M: I think it's would be better that there was a leader who people know and trust to lead this protest. But now, with only people behind this protest, I think it's more powerful and more effective on the image that Iranians grow into the regime.

CO: Do you feel that you can't change what's going on? How encouraged are you that you can actually change things in Iran?

M: I really don't know. It would be optimistic, but the last days it's going down in most of the cities. But it is still there, and I hope tomorrow with the praying day of Iran that would be a good day to get power behind the protests and do it more.

CO: Tomorrow — Friday — the day of prayer, often a day when people take to the street. Mohammed, be careful. And I appreciate you speaking with us. Thank you, you've given us some good insight.

CO: Thank you. You're welcome. Goodnight.

M: Goodnight.

JD: Mohammed is a 21-year-old university student. We are withholding his last name for his safety. We reached him earlier today in Tehran.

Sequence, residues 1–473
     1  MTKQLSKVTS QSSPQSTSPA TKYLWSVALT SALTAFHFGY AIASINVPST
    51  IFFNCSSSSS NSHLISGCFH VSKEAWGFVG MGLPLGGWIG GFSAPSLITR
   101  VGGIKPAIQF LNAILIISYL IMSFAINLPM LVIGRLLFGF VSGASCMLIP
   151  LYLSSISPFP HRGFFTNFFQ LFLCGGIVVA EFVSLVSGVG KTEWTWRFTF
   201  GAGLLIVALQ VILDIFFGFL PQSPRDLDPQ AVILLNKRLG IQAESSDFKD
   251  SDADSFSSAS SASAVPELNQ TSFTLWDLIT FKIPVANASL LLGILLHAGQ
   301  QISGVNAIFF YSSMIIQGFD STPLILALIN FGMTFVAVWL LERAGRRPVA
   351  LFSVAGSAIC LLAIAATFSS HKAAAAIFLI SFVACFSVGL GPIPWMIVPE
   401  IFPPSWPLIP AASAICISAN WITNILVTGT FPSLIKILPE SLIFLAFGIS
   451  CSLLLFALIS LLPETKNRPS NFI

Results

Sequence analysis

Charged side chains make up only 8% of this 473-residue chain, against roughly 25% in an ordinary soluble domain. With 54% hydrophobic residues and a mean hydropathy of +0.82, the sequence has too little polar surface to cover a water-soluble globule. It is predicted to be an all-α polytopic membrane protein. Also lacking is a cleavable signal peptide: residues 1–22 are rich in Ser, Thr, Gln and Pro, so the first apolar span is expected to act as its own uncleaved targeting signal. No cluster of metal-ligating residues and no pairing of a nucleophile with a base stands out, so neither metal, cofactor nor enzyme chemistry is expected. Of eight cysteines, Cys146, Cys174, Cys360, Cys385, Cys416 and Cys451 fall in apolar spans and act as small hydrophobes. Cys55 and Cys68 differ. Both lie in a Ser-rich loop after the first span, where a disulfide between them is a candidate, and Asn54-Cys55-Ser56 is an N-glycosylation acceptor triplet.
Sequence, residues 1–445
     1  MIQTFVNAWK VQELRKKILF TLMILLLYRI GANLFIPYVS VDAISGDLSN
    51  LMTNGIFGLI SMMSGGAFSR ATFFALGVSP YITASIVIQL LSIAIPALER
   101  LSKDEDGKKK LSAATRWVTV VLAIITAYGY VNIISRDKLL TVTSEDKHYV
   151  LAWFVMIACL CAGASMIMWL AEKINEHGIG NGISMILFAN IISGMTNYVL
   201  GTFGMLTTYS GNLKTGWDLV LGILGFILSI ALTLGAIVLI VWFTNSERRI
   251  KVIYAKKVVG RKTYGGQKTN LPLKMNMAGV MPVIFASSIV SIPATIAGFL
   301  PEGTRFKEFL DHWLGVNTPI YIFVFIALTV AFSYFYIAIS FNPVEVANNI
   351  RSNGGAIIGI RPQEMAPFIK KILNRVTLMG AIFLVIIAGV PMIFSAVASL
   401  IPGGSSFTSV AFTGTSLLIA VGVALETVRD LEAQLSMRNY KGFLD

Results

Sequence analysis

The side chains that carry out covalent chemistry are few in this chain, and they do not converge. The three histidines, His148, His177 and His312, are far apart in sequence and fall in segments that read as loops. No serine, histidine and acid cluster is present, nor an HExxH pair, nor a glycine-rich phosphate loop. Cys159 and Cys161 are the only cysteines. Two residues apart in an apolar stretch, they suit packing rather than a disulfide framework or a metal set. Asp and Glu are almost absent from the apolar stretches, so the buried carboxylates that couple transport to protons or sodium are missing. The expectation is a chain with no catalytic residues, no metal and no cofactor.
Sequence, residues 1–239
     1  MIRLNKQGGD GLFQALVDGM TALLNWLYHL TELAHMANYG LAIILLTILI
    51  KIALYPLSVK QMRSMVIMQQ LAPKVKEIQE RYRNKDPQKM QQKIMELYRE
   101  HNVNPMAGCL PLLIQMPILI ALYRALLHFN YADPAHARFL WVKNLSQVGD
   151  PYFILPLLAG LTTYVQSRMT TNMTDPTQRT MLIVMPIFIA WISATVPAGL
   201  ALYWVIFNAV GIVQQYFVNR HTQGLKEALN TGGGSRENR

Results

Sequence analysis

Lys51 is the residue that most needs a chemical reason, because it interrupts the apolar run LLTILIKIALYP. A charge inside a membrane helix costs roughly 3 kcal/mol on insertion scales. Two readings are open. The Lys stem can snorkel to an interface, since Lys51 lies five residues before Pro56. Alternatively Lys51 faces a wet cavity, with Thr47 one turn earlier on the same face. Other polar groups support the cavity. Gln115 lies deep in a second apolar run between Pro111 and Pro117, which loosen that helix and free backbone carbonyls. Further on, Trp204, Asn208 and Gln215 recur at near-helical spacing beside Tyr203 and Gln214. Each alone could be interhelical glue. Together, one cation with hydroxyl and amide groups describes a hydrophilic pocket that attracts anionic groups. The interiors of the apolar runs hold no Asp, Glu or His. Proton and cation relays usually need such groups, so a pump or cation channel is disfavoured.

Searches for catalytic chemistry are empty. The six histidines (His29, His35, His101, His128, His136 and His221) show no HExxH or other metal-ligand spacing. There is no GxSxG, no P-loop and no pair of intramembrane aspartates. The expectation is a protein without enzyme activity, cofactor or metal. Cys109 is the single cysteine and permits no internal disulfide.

[Music: Ambient]

Albert Schultz: latest

Guest: J. Kelly Nestruck

JD: There was one question that Hannah Miller wasn't going to leave unanswered. Ms. Miller is one of four actors suing Soulpepper Theatre Company founder Albert Schultz for sexual harassment. The women held a news conference in Toronto, she left most of the talking to the others. And then someone asked about the future of the theatre company — and Hannah Miller approached the microphone.


HANNAH MILLER: I just actually want to sort of answer your question about the possible impact this would have on Soulpepper. You said it has the potential of destroying it or tearing it apart. And I think this is the message that keeps me strong, and the message that I hope other people can hear is that Soulpepper, as it is, is not a safe environment. It's certainly not for an actor whose desire and training leads them to be open and vulnerable, and to delve into passion. And there’s a sanctity of the theatre that is that is being violated. So the implication that we are ruining something is maybe the reason why it's so hard. Do you understand what I mean? So for women out there who are young actresses, who are at the start of their career, have the strength to deserve what you deserve. And that is a safe work environment and a safe place for you to make art.